The National Park Service Celebrates its Centennial Anniversary Through Activity

by Josh Williams

2016 marks the 100th anniversary  of the National Park Service. Arkansas, in particular, is doing something special this year to celebrate this milestone and to encourage people to live healthy, active lifestyles. Let’s face it, we aren’t gettin’ any younger. The national parks of Arkansas have formulated the Iron Ranger Challenge, which started on January 1st and runs through December 31st of this year. Visitors can choose to hike, bike, swim, paddle, walk, run or roll 100 miles in any or all of the Arkansas National Parks. This also includes activity on public lands in Arkansas, such as state parks, national forests, water trails, national wildlife refuges, Army Corps of Engineers land and so on. In return, those who complete this 100 mile journey will receive a special Centennial Iron Ranger Challenge commemorative award, patch and certificate of achievement.

Several examples of participating Arkansas national park sites include: Arkansas Post National Memorial, Buffalo National River, Fort Smith National Historic Site, Hot Springs National Park, Little Rock Central High School National Historic Site, Pea Ridge National Military Park, and President William Jefferson Clinton Birthplace Home National Historic Site. The history alone at these sites is worth the trip, and as a bonus, you can get some great exercise:

Arkansas Post

Gillett, AR

Located at the confluence of two rivers, Arkansas Post has served as a gathering place for many cultures throughout human history – it represents cultural cooperation, conflict, synthesis, and diversity.

Buffalo National River

Harrison and St. Joe, AR

Established in 1972, Buffalo National River flows freely for 135 miles and is one of the few remaining undammed rivers in the lower 48 states. Once you arrive, prepare for an exciting journey from running rapids to quiet pools while surrounded by massive bluffs as you cruise through the Ozark Mountains down to the White River.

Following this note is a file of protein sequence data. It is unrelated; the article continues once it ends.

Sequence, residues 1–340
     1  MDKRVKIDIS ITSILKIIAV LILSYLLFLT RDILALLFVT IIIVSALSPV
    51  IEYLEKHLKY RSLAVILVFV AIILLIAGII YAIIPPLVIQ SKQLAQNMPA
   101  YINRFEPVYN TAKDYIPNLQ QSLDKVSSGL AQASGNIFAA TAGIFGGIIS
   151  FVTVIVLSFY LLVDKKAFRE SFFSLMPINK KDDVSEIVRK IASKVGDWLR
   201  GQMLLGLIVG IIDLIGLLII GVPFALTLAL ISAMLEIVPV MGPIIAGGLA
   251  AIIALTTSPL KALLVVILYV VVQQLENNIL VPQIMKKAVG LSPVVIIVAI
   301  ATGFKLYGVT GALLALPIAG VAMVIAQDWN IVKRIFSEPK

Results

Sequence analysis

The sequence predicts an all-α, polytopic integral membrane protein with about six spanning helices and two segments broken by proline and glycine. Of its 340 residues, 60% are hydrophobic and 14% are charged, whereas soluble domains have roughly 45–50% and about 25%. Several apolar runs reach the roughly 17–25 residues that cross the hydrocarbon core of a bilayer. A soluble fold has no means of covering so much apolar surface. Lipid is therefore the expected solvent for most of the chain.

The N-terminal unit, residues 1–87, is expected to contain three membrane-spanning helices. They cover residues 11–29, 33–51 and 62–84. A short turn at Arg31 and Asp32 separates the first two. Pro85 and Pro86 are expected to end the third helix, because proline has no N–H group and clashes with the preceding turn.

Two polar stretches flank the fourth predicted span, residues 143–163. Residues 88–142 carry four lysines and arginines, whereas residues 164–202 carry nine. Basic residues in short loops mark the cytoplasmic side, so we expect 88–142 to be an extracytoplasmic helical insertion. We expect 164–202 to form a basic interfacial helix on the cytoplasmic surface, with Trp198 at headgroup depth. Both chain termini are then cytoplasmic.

Fort Smith National Historic Site

Fort Smith, AR,OK

From the establishment of the first Fort Smith on December 25, 1817, to the final days of Judge Isaac C. Parker’s jurisdiction over Indian Territory in 1896, Fort Smith National Historic  Site  preserves  almost  80  years of

history. Explore life on the edge of Indian Territory through the stories of soldiers, the Trail of Tears, dangerous outlaws, and the brave lawmen who pursued them.

Hot Springs National Park

Hot Springs, AR

Water. Hot, bubbling, soulfully soothing

143 degree water. That’s what first attracted people, and they have been coming here ever since to use these calming thermal waters to heal and relax. Rich and poor alike came for the baths, and a thriving city built up around the hot springs. Together nicknamed “The American Spa,” Hot Springs National Park today surrounds the north end of the city of Hot Springs, Arkansas.

Little Rock Central High School

Little Rock, AR

Little Rock Central High School is recognized for the role it played in the desegregation of public schools in the United States. The nine African-American students’ persistence in attending the formerly all-white Central High School was the most prominent national example of the implementation of the May 17, 1954 Supreme Court decision Brown v. Board of Education.

Pea Ridge National Military Park

Pea Ridge, AR

On March 7-8, 1862, 26,000 soldiers fought here to decide the fate of Missouri and the West. The 4,300 acre battlefield honors those who fought for their beliefs and their families. Pea Ridge was one of the most pivotal Civil War battles and remains the most intact Civil War battlefield in the United States.

President William Jefferson Clinton Birthplace Home

Hope, AR

On August 19, 1946, Virginia Blythe gave birth to her son, William Jefferson Blythe,

III. Named for his father who died before he was born, he grew up to become William Jefferson Clinton – the 42nd president of the United States. In the house at 117 S. Hervey St., he learned many of the early lessons that defined his life and his presidency.

Buffalo National River Deputy Superintendent Laura Miller encourages visitors of all ages and fitness levels to participate in the Centennial Iron Ranger Challenge. “The National Parks in Arkansas have so much to offer. Visitors can see spectacular views paddling  the Buffalo River, take a bicycle tour of President Clinton’s hometown at the Clinton Birthplace Home, hike in the Ouachita Mountains and then relax with a thermal bath at Hot Springs National Park, and see places where history was made from the Civil War to the Civil Rights Movement. There are so many great options in Arkansas, so get out and have fun.”

Not only will visitors be doing a good thing for their physical health, but for their mental health, too. It always wise to take an opportunity to learn a piece of history because it increases general awareness of one’s self and surroundings. Get up and get a move on.

To register to participate in the Iron Ranger Challenge,  go  to

More information can also be obtained from the respective National Park websites and Ranger-Challenge.